Leaman, resided together at 18 Fourth Road in Marshfield. On February 28, 1986, the Marshfield police executed a search warrant at that address. Both the defendant and codefendant were present when the warrant was executed. The police found $900 in cash, a twelve-gauge shotgun, and paraphernalia for mixing, weighing, and packaging drugs in the master bedroom. The master bedroom contained a closet in which the police found a locked safe. The defendant admitted the safe was his and voluntarily opened the combination lock for the police. The safe contained four bags of cocaine weighing 307.4 grams, one and three-quarters pounds of hashish, $12,004 in cash, a ledger book containing records of drug transactions, and .38 caliber ammunition. After the safe was searched, the police asked the defendant if there were any other drugs in the house, to which the defendant responded, "No, that's all I have." In the police officers' continued search of the house, they found on the coffee table in the living room a small amount of marijuana and drug paraphernalia. The police found the codefendant's purse in the kitchen. The purse contained cocaine paraphernalia and an address book with the name "Festus" in it. The same name was found in the ledger book in the safe. Various personal papers of both the defendant and codefendant were discovered in the house. At the conclusion of the search, both the defendant and the codefendant were charged with trafficking in cocaine.
1. Codefendant's plea of guilty. The defendant attempted to place in evidence his codefendant's plea colloquy and guilty plea to a lesser charge of possession of cocaine with intent to distribute as evidence of his innocence. The defendant claimed that the codefendant had the intent to distribute the cocaine found on the premises. The trial judge correctly excluded the evidence.
While one person's guilty plea may not be used as substantive evidence of the guilt of another (see Commonwealth v. Elisha, 3 Gray 460 , 461 ; Commonwealth v. Tilley, 327 Mass. 540 , 548-549 ; Commonwealth v. Alicia, 6 Mass. App. Ct. 904 , 905 ), there appears to be no
Massachusetts decision which has ruled on whether one person's guilty plea may be used to prove the innocence of another. The defendant contends that the colloquy and the plea of his codefendant were admissible as declarations against penal interest.
For a statement to be admissible as a declaration against penal interest, the following three tests must be met: " [T]he declarant's testimony must be unavailable;  the statement must so far tend to subject the declarant to criminal liability `that a reasonable man in his position would not have made the statement unless he believed it to be true'; and  the statement, if offered to exculpate the accused, must be corroborated by circumstances clearly indicating its trustworthiness." Commonwealth v. Drew, 397 Mass. 65 , 73 (1986), quoting from United States v. Thomas, 571 F.2d 285, 288 (5th Cir. 1978), and citing Proposed Mass.R.Evid. 804(b)(3).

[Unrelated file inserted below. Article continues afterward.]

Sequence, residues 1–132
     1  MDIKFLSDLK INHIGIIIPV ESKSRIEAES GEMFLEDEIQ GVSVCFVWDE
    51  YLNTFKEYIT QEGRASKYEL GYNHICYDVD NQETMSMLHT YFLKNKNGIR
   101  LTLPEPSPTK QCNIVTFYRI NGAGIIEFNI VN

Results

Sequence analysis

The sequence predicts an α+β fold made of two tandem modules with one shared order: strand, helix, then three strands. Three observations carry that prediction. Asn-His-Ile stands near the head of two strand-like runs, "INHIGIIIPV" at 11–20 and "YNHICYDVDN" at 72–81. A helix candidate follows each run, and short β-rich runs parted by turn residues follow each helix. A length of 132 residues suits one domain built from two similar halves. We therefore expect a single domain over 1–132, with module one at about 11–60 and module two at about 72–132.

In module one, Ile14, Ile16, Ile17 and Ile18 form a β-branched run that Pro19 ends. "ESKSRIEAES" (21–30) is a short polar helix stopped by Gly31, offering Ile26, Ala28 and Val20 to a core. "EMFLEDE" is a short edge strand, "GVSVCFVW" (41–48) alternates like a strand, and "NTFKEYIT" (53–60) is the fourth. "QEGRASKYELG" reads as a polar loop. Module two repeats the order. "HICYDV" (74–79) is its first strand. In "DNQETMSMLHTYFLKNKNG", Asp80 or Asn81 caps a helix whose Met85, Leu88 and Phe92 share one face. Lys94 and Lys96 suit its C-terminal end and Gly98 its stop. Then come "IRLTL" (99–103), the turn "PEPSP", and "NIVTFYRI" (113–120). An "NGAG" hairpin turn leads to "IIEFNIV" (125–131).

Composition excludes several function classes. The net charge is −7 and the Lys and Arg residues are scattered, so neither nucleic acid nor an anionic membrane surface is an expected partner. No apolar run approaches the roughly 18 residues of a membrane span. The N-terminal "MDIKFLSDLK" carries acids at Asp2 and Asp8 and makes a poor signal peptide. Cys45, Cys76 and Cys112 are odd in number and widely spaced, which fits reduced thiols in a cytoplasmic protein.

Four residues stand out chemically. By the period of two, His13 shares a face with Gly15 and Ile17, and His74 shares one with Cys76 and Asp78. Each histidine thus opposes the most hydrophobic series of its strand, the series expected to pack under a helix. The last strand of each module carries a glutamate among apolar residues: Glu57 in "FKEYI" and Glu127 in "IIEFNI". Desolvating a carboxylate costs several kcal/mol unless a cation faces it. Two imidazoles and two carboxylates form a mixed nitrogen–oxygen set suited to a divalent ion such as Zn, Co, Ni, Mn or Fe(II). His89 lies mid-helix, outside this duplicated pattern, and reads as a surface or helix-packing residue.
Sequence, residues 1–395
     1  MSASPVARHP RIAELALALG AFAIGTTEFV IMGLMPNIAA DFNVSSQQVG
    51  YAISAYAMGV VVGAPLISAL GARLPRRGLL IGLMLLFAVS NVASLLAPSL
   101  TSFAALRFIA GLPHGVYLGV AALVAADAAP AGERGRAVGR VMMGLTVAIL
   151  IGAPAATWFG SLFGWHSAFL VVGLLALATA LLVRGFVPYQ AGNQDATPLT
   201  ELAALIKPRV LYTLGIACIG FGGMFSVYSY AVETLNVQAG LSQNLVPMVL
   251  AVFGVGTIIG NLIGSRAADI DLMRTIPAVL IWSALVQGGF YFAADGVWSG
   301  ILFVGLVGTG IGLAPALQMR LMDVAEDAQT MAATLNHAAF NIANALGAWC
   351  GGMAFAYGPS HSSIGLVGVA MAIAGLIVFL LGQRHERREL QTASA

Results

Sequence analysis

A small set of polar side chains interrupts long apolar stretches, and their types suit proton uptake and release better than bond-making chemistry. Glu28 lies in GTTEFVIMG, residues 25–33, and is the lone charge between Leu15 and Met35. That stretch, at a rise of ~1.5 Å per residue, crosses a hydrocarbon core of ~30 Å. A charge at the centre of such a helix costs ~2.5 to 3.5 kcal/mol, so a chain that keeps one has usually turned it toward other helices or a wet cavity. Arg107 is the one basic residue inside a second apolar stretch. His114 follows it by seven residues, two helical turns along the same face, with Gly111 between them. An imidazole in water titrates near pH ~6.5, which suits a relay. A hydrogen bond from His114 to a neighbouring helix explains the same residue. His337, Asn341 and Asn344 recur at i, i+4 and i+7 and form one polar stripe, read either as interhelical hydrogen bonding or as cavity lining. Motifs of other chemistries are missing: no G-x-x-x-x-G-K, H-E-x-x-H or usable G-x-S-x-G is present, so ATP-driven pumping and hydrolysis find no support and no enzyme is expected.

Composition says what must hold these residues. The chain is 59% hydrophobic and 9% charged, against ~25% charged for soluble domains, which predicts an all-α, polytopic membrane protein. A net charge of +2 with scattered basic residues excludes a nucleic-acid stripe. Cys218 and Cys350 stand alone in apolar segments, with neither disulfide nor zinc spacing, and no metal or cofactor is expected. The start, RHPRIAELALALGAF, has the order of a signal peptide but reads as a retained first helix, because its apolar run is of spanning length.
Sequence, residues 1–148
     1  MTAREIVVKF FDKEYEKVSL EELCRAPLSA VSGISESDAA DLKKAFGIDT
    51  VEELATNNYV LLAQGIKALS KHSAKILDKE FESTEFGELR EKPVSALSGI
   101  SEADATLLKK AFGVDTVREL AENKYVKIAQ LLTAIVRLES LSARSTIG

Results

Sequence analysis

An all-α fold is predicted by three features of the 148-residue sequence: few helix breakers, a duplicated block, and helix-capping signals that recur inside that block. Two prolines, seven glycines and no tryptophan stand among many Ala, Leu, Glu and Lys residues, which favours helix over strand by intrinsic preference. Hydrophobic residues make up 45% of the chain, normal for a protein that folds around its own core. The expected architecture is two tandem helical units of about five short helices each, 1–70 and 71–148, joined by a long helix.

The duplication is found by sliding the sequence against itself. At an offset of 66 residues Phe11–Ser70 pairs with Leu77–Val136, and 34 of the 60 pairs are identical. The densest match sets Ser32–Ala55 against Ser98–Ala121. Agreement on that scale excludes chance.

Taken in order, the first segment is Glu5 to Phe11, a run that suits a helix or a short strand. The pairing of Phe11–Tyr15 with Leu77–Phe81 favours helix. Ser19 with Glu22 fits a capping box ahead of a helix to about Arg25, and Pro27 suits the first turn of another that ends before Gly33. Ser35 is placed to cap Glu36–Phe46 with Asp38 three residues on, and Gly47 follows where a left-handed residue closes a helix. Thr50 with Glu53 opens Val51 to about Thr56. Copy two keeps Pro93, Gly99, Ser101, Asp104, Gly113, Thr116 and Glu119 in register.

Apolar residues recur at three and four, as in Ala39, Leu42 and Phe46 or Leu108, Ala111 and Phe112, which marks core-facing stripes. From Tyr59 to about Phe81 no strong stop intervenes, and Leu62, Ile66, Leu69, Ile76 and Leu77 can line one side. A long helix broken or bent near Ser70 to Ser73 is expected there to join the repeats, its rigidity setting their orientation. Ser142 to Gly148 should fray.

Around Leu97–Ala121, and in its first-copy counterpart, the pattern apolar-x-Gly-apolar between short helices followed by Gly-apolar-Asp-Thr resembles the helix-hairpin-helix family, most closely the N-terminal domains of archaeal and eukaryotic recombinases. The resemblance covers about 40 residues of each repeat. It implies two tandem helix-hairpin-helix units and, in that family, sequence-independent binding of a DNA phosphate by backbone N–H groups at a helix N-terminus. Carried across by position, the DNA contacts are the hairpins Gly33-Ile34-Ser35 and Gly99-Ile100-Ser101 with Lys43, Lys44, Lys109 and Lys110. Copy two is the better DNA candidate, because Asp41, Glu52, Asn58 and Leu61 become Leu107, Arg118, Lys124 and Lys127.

While the first test was clearly met in this case by the parties' stipulation that the codefendant was unavailable as a witness, the judge could properly have found that one or both of the other tests had not been satisfied. [Note 1] The plea was clearly affected by the exigencies of the plea bargaining [Note 2] and the plea colloquy was something less than "an unequivocal admission of guilt." [Note 3] Commonwealth v. Alicia, 6 Mass. App. Ct. at 905.
We conclude further that the trial judge's decision to exclude the plea colloquy and guilty plea was correct on the ground of relevancy. Clearly, the plea colloquy contained irrelevant, immaterial, and incompetent evidence such as the penalty for the offense. More importantly, the codefendant's plea did not exonerate the defendant. The codefendant's plea of guilty was not inconsistent with the defendant's guilt, for more than one person may possess the same narcotics. Commonwealth v. Dinnall, 366 Mass. 165 , 168-169 (1974). This is particularly true in this case where there was no evidence that the codefendant had access to the safe where the quantities of cocaine, hashish, cash, and the account ledger were kept.
2. Failure to disclose the identity of the informant. One of the informants had participated in a controlled buy on the premises within seven days of the application for the warrant. The defendant argued that he was entitled to know the identity of that informant in order to prepare his defense, presumably to find out from whom the informant had purchased the cocaine.